A lesson in humility and meritocracy, Marine style

Col. John R. Bourgeois, USMC (ret.) has just had his autobiography published: Play On! A Marine's Musical Journey from the Bayou to the White House.  Colonel Bourgeois was the twenty-fifth director of the Marine band, known as the President's Own.  Since its founding with the birth of our country, there have been only twenty-eight directors, including the legendary John Phillip Sousa.  As he points out in his autobiography, the Marine Band is the oldest musical organization of any type in the United States and "[t]he Director of the Marine Band is the music advisor to the White House[.] ... He is the authority regarding proper ceremonial music and protocol for state occasions and other 'in house' activities."

As former Marine commandant Charles Krulak said with a profound grasp of history, "[o]nly two names stand alone as the epitome of professionalism, musical acumen, creativity, and leadership: John Phillip Sousa and John R. Bourgeois."

As the title says, John Bourgeois made his was from a wonderful part of America alive with all kinds of music; New Orleans and southern Louisiana, to enlist in the United States Marine Corps during the Eisenhower Presidency. The reason why this book is so significant in today's revisionist virtue-posturing cancel culture, enforced by many lesser lights writing in our current American arts and letters forums, is that with grace insight and dignity John Bourgeois's  journey as Director brought him into direct contact with many presidents. There is a very powerful uniquely American historical legacy captured by his life's journey.

After going through Marine boot camp with Eisenhower as president, he may now be one of the last musicians left who personally witnessed one of the most famous White House musical events ever: President and First Lady Jacqueline Kennedy's historic Pablo Casals concert, which signaled "that the White House wished to participate in the cultural life of the nation."  Joining in that historic moment were many names eternally famous in American music — composers such as Aaron Copeland, along with conductors Leonard Bernstein, Eugene Ormandy, and Leopold Stokowski, and with classical musicians such as violinist Alexander Schneider and pianist Mirczyslaw Horszowski playing.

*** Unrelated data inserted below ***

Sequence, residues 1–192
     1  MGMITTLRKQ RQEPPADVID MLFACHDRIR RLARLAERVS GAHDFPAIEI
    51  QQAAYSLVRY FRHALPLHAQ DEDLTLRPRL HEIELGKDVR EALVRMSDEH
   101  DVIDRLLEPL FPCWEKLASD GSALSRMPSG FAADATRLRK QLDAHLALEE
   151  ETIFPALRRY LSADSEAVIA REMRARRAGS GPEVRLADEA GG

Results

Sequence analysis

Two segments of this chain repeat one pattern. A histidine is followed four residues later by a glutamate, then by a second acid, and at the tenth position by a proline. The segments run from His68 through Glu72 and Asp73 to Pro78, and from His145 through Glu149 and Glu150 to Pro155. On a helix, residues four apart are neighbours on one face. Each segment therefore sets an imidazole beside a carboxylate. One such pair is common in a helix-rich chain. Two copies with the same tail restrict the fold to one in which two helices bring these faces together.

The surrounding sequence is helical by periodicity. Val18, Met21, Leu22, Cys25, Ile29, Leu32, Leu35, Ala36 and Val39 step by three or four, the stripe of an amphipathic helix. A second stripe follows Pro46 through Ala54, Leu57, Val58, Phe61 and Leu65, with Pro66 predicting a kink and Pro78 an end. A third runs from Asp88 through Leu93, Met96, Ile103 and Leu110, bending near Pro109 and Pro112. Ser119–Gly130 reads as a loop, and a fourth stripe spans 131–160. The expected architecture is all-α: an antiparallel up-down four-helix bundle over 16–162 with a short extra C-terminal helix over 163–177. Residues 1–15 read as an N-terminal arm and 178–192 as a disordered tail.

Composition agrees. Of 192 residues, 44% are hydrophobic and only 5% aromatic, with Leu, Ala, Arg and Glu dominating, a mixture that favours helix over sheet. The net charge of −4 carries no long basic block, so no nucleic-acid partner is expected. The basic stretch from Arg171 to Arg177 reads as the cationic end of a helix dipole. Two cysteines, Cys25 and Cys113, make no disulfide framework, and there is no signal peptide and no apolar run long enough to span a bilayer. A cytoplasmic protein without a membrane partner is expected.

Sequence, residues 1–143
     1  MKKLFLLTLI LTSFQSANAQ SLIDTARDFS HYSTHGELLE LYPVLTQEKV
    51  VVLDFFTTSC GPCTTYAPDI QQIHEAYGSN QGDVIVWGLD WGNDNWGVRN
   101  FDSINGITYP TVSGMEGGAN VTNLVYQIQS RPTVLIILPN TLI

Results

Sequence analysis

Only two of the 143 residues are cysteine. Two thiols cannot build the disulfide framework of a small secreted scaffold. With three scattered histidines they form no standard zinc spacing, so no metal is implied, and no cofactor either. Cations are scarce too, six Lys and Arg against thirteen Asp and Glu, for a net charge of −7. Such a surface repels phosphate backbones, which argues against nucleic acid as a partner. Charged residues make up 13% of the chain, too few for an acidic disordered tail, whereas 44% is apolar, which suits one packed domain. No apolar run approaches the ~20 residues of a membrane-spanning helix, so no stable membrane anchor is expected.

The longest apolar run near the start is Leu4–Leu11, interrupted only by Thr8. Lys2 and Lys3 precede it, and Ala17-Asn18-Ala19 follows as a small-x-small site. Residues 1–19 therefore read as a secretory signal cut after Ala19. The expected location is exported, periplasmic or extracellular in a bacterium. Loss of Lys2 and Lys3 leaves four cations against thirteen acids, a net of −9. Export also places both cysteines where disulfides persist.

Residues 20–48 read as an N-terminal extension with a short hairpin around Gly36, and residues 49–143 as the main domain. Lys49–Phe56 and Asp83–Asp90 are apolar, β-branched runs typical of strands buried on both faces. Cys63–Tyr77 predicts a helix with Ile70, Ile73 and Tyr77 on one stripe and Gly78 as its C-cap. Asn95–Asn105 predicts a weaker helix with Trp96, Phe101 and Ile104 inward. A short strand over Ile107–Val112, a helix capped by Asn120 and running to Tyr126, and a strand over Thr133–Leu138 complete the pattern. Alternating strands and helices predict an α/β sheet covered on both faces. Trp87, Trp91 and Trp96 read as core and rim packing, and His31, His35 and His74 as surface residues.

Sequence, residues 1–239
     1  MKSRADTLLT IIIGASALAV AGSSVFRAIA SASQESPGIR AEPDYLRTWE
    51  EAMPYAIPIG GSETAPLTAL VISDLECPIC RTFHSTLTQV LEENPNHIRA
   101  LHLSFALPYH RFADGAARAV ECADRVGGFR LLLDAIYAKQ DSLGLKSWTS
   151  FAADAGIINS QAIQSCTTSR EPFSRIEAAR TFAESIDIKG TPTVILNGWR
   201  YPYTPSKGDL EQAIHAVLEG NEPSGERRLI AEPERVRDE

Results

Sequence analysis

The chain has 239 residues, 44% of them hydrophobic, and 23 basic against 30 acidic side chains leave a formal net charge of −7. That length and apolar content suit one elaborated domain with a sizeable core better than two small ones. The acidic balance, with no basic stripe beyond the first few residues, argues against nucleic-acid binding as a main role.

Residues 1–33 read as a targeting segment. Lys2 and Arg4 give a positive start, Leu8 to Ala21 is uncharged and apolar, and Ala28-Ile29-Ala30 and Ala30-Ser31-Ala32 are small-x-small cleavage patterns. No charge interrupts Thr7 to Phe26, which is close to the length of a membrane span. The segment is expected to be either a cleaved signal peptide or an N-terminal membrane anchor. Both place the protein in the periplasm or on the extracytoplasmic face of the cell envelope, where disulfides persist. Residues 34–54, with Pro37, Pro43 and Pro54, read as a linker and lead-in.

It is so sad that in today's symbolic and even more horrific actual smash-mouth politics against our presidents regardless of political party, it takes an original source who was present and directly working for Presidents Kennedy, Johnson, Nixon, Ford, Carter, Reagan, Bush (41), and Bill Clinton to remind us all that they are men at a most basic human level and all were sincerely enthralled and captured by the pure power and joy of great music.

There is not a hint of political posturing or score-settling in this book, and each president is presented as a man who along with his family was always gracious in  expressing gratitude to the Marines who bring them and America and even the world so much joy.  I challenged all to watch our Fourth of July fireworks while bands throughout our nation play Sousa's "Stars and Stripes Forever" or "Semper Fidelis" march or even, yes, "The Washington Post March" to feel deep pride in what we as a nation have accomplished for all humanity.

It is time to take a moment and recognize that the cliché "people are people" is so, so true, even for our presidents.  

There is a powerful, lasting historical gift to America in this book.  I did not know but learned in reading Col. Bourgeois's fascinating and historical many-storied chapters and deeply profound moments of the Marine Band that there was something unifying and powerful in a song Abraham Lincoln told the Marine Corps Band to play:

On 9 April 1865, after the surrender of Robert E Lee, the Marine Band and a great exuberant crowd assembled on the White House Lawn calling for the president. He appeared at the window and addressed the crowd ending his remarks by commanding the Band to play "Dixie" because, he said it is a good tune and now belongs to the nation.

Eleven days later, the Band led President Lincoln's funeral procession.

It is such historic truths that we all are currently in danger of losing during this mindless time of hateful anger directed at our glorious and still ever dynamically going forward historical accomplishments of America, evermore the greatest hope for all humanity.

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